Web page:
In some of his writings, he said, from his scientific background as well as his theological one, in some of his writings he said - as others have - that the discovery, or invention, or harnessing of fire was one of the great scientific and technological discoveries in all of human history.

He declaimed
 


Now I know about Teilhard de Chardin.  He was the Roman Catholic anthropologist and neo-animist thinker who, if I read him correctly when studying philosophy (it's possible I'm mistaken), believed that bacteria have infinitesimal souls, plants more substantial ones and so on - all the way up to pre-humans and modern man who at last had a fully formed one, just in time for Armageddon, now that God's project (Alpha to Omega) is complete.

Like Galileo he was censored by his Church and threatened with excommunication as a heretic during his lifetime.  But like Galileo he is now posthumously restored, thanks to Cardinal Ratzinger, Prefect of the Congregation for the Doctrine of the Faith, otherwise known as the Roman Inquisition. Cardinal Ratzinger, another interesting character, became Pope Benedict but retired early following a personal message from God. Thus he became the first Pope not to die in the position for over 600 years.  Who could blame him?  With a near to 100% fatality rate it's obviously a very dangerous job.

Bishop Curry's follow-on observation that since the early twentieth century cars and planes have harnessed combustion as a source of energy seemed irrelevant to a sermon on 'love' but might have assumed some importance had he also observed that prior to the harnessing non-human energy, with the invention of the first such engines in the late seventeenth century, the almost universal alternative had been slavery.  This might have been additionally appropriate in the context of his earlier evocation of Dr Martin Luther King Jnr and of slavery's lasting, singularly unlovable, consequences.

Yet I can't blame Bishop Curry for referencing de Chardin.  I've done it too in an article (on India - look it up) on this very website.  And you can read about Martin Luther King Jnr in Atlanta Georgia - USA - Middle Bits.

Anyway enough of that serious stuff.

This was, after all, a royal wedding. So if you want to know as much about the royals as I do, and have access to NetFlix, take a look at The Windsors:
 

 

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Travel

Istanbul

 

 

Or coming down to earth...

 

When I was a boy, Turkey was mysterious and exotic place to me. They were not Christians there; they ate strange food; and wore strange clothes. There was something called a ‘bazaar’ where white women were kidnapped and sold into white slavery. Bob Hope and Bing Crosby, or was it Errol Flynn, got into all sorts of trouble there with blood thirsty men with curved swords. There was a song on the radio that reminded me over and over again that ‘It’s Istanbul not Constantinople Now’, sung by The Four Lads, possibly the first ‘boy band’.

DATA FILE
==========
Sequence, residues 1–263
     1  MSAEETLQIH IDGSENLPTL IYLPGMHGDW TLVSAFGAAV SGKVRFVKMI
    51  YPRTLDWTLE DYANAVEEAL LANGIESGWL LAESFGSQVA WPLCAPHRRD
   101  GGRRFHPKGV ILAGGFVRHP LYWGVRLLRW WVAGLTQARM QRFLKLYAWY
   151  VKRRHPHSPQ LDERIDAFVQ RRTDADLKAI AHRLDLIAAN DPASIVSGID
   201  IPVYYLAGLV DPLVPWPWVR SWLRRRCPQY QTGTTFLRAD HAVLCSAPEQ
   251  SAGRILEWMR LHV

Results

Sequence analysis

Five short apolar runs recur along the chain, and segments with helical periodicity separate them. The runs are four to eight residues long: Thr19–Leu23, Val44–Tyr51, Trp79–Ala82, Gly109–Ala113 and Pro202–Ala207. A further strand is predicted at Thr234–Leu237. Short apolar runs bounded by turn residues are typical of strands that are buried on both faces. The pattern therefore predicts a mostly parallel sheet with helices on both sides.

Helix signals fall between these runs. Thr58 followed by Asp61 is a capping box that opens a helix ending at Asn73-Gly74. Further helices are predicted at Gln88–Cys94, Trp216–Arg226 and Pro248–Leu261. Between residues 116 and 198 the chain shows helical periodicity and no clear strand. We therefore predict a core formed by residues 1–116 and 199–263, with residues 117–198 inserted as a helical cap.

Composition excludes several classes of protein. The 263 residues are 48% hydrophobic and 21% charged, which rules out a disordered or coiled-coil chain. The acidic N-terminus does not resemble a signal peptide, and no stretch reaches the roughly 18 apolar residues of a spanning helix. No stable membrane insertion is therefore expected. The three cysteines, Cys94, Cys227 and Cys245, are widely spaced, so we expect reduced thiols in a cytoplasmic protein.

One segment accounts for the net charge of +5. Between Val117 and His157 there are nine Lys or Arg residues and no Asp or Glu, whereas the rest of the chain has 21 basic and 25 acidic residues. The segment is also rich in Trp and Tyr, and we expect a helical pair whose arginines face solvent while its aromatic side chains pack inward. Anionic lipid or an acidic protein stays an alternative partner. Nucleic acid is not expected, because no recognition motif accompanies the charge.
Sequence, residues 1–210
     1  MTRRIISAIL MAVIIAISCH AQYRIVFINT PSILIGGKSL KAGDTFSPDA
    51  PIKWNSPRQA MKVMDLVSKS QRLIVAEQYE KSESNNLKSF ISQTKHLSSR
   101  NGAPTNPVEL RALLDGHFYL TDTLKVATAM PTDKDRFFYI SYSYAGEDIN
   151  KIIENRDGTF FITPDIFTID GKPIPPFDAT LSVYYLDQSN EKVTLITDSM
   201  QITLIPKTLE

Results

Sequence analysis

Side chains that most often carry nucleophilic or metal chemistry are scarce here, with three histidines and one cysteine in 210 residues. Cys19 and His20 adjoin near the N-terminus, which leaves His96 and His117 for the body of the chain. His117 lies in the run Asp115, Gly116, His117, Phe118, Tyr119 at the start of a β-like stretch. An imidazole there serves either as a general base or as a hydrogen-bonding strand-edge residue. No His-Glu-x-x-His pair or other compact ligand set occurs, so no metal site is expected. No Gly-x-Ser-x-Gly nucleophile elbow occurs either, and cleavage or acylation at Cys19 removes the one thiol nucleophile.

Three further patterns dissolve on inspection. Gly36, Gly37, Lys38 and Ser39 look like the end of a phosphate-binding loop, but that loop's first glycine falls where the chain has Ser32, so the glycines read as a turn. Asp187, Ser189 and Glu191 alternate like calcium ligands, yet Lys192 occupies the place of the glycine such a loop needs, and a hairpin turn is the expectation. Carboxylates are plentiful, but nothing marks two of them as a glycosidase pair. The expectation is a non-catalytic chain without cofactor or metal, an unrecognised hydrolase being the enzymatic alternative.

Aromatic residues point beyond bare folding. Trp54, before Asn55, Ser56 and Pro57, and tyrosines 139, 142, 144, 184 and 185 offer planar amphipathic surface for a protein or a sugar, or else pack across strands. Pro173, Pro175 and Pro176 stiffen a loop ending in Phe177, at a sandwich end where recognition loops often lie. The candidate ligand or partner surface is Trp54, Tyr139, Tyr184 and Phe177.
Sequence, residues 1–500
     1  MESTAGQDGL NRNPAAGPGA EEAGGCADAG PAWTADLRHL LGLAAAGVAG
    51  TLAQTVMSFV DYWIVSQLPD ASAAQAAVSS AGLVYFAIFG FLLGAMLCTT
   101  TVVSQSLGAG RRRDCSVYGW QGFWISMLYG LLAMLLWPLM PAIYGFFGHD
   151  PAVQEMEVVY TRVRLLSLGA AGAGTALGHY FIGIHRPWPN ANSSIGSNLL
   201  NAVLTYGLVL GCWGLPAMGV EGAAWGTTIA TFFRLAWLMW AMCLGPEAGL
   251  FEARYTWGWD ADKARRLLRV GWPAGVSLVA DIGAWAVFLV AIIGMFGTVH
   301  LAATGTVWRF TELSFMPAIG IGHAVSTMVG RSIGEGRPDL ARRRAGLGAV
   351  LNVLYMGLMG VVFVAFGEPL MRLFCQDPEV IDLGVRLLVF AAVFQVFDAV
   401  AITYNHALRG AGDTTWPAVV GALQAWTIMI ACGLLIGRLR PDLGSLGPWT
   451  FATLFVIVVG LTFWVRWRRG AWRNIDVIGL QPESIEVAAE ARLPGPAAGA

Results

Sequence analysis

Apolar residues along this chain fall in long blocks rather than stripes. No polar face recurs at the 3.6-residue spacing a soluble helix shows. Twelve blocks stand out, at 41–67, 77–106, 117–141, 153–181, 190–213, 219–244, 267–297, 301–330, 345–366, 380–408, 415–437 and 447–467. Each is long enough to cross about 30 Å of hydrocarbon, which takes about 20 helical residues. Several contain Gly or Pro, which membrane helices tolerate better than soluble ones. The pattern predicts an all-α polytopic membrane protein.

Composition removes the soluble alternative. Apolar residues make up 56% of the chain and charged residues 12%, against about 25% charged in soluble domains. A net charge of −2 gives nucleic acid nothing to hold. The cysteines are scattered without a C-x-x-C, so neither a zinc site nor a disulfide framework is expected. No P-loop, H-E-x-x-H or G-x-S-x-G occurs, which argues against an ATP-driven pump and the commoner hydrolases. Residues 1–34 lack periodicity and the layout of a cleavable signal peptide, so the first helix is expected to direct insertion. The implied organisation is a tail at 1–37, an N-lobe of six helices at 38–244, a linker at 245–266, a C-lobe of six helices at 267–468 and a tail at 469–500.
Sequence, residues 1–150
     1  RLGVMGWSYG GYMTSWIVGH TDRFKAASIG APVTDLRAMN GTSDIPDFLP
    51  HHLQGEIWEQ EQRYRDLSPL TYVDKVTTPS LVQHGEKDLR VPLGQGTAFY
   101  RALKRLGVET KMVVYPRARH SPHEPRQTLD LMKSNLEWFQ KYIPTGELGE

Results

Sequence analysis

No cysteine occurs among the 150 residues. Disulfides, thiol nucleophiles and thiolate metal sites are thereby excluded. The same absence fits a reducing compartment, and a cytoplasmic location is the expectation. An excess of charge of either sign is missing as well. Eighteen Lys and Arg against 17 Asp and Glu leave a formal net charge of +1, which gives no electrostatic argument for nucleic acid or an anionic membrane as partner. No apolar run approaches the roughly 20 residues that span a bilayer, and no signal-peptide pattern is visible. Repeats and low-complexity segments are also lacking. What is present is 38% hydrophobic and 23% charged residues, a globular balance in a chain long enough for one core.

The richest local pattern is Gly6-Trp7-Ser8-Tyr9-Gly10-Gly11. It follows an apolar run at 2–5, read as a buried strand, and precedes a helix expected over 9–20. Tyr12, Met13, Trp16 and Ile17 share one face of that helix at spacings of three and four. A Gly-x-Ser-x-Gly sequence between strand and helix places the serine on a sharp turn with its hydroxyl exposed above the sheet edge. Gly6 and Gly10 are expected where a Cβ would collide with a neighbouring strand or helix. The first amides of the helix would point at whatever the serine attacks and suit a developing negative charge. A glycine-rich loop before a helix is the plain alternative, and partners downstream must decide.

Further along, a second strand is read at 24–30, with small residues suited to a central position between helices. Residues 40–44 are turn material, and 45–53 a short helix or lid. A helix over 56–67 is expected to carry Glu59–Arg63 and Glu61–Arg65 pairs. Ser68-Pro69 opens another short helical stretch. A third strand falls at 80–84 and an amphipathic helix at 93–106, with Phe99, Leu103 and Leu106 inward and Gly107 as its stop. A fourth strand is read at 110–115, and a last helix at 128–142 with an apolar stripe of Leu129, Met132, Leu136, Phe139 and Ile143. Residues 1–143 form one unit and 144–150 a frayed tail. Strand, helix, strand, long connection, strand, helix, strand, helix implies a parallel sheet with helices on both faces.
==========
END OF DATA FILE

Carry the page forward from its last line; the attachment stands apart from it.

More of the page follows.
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Fiction, Recollections & News

A Womens' view

 

Introduction

 

The following article presents a report by Jordan Baker, as part of her history assignment when she was in year 10 at North Sydney Girls’ High School.   For this assignment she interviewed her mother, grandmother and great-grandmother about their lives as girls; and the changes they had experienced; particularly in respect of the freedoms they were allowed.

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Opinions and Philosophy

Bertrand Russell

 

 

Bertrand Russell (Bertrand Arthur William Russell, 3rd Earl Russell, OM, FRS (18 May 1872 – 2 February 1970)) has been a major influence on my life.  I asked for and was given a copy of his collected Basic Writings of Bertrand Russell for my 21st birthday and although I never agreed entirely with every one of his opinions I have always respected them.

 

In 1950 Russell won the Nobel Prize in literature but remained a controversial figure.  He was responsible for the Russell–Einstein Manifesto in 1955. The signatories included Albert Einstein, just before his death, and ten other eminent intellectuals and scientists. They warned of the dangers of nuclear weapons and called on governments to find alternative ways of resolving conflict.   Russell went on to become the first president of the campaign for nuclear disarmament (CND) and subsequently organised opposition to the Vietnam War. He could be seen in 50's news-reels at the head of CND demonstrations with his long divorced second wife Dora, for which he was jailed again at the age of 89.   The logo originally designed for the CND, the phallic Mercedes, became widely used as a universal peace symbol in the 60s and 70s, particularly in hippie communes and crudely painted on VW camper-vans.